By Thomas P. Ostrom, McFarland & Company, Jefferson, NC, (2009)
Reviewed by Charles H. Bogart
This is a well-written and nicely researched account of the U.S. Coast Guard during World War II. The author, using seventeen topical chapters, provides short, concise accounts of various missions carried out by the Coast Guard during the war. Each of these chapters is a standalone article highly suitable for publication in Naval History.
In setting the tone for the book, the author examines Coast Guard activities in the months before the United States’ official entry into the war, discusses the pre and wartime administrative organization of the Coast Guard, and looks at the wartime leadership of the Commandant of the Coast Guard, Admiral Russell R. Waesche. Coast Guard war time missions covered in the book include domestic port security, the Greenland Patrol, guarding the Aleutians and Bering Sea, participating in convoy service as both gunners on merchant ships and as part of the naval escort, performing various functions in support of amphibious assault landings in the Mediterranean and the Pacific areas including action during the Normandy Landings, providing crews to man U. S. Navy ships, maintaining navigation on the Great Lakes, undertaking a variety of aircraft support and patrol missions, development of LORAN and the helicopter, and performing day to day rescue missions. During World War II, the Coast Guard served in every theater of operation and lost 1,030 of its members during the war.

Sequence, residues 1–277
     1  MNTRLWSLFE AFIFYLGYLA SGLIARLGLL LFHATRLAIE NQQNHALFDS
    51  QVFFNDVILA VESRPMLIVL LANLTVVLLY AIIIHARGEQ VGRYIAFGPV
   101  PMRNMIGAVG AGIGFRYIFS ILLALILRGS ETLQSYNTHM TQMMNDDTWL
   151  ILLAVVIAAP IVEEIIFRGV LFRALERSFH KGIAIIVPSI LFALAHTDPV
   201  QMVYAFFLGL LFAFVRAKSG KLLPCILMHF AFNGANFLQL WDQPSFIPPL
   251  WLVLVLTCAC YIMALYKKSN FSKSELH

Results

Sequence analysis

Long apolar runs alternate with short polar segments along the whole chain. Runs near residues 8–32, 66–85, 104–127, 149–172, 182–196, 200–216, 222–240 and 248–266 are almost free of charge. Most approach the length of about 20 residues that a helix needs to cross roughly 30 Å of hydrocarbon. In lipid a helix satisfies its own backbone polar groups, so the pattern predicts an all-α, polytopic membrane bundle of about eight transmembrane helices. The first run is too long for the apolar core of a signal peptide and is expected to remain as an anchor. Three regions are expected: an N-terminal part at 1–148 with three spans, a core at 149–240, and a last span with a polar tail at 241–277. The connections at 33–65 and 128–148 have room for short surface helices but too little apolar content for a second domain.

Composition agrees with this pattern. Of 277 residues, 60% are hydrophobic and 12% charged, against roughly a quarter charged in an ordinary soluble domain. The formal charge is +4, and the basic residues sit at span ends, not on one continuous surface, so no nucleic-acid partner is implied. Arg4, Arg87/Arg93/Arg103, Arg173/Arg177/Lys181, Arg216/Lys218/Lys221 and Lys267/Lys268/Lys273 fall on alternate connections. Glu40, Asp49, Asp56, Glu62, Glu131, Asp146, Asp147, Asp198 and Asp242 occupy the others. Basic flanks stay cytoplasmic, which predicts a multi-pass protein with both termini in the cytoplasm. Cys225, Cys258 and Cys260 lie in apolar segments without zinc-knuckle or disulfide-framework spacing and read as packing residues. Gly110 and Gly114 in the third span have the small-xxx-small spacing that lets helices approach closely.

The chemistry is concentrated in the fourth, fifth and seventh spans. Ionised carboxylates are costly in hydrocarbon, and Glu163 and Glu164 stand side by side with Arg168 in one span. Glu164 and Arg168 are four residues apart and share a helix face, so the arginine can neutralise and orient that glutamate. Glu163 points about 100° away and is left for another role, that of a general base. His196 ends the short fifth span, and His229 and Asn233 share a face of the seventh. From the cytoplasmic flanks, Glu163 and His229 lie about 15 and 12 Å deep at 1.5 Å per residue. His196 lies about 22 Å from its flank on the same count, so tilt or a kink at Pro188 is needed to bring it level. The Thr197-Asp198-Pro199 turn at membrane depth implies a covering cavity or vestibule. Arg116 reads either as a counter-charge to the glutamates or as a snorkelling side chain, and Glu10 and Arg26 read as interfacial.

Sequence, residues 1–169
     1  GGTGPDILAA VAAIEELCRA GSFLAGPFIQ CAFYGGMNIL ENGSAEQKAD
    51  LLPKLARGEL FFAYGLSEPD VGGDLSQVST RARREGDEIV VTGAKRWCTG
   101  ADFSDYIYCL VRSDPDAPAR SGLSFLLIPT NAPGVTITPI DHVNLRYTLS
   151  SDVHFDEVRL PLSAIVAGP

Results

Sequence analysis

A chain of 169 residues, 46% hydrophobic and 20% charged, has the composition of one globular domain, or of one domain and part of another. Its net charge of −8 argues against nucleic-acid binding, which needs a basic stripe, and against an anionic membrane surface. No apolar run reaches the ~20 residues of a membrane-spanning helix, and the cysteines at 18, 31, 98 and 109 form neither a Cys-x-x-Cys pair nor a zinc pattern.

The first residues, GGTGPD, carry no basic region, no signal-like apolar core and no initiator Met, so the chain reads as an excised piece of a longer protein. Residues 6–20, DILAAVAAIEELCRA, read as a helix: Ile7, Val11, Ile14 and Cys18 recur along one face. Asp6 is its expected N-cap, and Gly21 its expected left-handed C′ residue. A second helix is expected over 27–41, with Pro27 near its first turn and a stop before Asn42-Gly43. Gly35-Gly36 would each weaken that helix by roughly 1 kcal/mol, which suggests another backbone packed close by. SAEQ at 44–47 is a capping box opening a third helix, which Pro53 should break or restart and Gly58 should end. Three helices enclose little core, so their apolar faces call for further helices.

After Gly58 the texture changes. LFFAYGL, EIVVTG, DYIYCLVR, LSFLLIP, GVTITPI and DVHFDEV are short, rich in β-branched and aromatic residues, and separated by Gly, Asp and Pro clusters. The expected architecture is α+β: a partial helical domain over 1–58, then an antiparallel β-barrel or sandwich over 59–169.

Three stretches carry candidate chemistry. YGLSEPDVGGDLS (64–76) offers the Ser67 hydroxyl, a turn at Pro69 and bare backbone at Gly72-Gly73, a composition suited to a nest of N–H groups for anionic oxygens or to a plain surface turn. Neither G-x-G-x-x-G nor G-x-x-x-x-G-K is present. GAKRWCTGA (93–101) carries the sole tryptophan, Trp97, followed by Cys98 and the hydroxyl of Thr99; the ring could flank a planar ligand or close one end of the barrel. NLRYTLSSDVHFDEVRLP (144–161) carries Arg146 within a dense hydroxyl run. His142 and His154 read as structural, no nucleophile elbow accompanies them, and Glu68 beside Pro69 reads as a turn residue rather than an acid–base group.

One fact that becomes clear in reading this book is that during the war years, the Coast Guard had to not only participate actively in the defeat of the enemy but continue to perform its normal job of maintaining navigational aids, conducting ship safety inspections, and carrying out search and rescue missions. The book ends with excerpts from two letters written home by a Coast Guardsman during the war, an investigation into the loss of LCI (L) 91 due to enemy action and a letter of condolence written by a commanding officer to the parents of a dead Coast Guardsman.
Much of the story presented within this book is told through the author’s focusing his discussion on what was experienced by a variety of individuals and ships. The reader is thus presented with a kaleidoscope of small events that illuminate the greater event under discussion. The text is supported by a nice array of maps and photographs. This book thus supplements, and does not replace, those two standard authoritative works on the World War II Coast Guard, Guardians of the Sea and The Coast Guard in World War II. The book under review is designed to provide the casual reader with a wealth of details about the Coast Guard during World War II. However, since the book is organized by subject matter and not chronologically, each chapter to some extent recapitulates a topic discussed in another chapter. Those seeking more information on the Coast Guard will find a nice bibliography at the rear of the book. The book should appeal to anyone interested in the Coast Guard or warfare at sea.
Charles Bogart of Frankfort Kentucky is a frequent contributor to Naval History Book Review, and was a 2011 Naval Historical Foundation Volunteer of the Year.